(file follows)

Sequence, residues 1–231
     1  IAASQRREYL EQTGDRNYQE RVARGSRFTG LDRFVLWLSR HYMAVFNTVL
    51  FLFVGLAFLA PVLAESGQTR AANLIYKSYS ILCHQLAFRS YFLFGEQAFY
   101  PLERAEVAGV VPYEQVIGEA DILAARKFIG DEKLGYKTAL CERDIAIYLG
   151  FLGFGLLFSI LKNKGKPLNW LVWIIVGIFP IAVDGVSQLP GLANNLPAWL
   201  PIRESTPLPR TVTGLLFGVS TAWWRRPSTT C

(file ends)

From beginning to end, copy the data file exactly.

Sequence, residues 1–231
     1  IAASQRREYL EQTGDRNYQE RVARGSRFTG LDRFVLWLSR HYMAVFNTVL
    51  FLFVGLAFLA PVLAESGQTR AANLIYKSYS ILCHQLAFRS YFLFGEQAFY
   101  PLERAEVAGV VPYEQVIGEA DILAARKFIG DEKLGYKTAL CERDIAIYLG
   151  FLGFGLLFSI LKNKGKPLNW LVWIIVGIFP IAVDGVSQLP GLANNLPAWL
   201  PIRESTPLPR TVTGLLFGVS TAWWRRPSTT C